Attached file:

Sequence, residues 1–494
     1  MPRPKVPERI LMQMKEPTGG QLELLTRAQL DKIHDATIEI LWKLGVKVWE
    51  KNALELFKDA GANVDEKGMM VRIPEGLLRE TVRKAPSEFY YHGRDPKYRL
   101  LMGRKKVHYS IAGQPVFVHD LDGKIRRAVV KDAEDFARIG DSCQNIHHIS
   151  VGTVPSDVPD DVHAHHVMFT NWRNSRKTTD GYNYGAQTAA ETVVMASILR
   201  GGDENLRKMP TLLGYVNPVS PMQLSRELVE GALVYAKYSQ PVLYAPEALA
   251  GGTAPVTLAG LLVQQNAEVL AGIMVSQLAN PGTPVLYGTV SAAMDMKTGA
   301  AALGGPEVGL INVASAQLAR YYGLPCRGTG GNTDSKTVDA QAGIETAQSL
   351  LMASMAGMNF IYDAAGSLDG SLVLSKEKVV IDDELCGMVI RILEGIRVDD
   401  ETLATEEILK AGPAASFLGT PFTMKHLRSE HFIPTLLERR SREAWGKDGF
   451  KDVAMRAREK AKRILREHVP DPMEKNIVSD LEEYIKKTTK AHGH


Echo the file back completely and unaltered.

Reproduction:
Sequence, residues 1–494
     1  MPRPKVPERI LMQMKEPTGG QLELLTRAQL DKIHDATIEI LWKLGVKVWE
    51  KNALELFKDA GANVDEKGMM VRIPEGLLRE TVRKAPSEFY YHGRDPKYRL
   101  LMGRKKVHYS IAGQPVFVHD LDGKIRRAVV KDAEDFARIG DSCQNIHHIS
   151  VGTVPSDVPD DVHAHHVMFT NWRNSRKTTD GYNYGAQTAA ETVVMASILR
   201  GGDENLRKMP TLLGYVNPVS PMQLSRELVE GALVYAKYSQ PVLYAPEALA
   251  GGTAPVTLAG LLVQQNAEVL AGIMVSQLAN PGTPVLYGTV SAAMDMKTGA
   301  AALGGPEVGL INVASAQLAR YYGLPCRGTG GNTDSKTVDA QAGIETAQSL
   351  LMASMAGMNF IYDAAGSLDG SLVLSKEKVV IDDELCGMVI RILEGIRVDD
   401  ETLATEEILK AGPAASFLGT PFTMKHLRSE HFIPTLLERR SREAWGKDGF
   451  KDVAMRAREK AKRILREHVP DPMEKNIVSD LEEYIKKTTK AHGH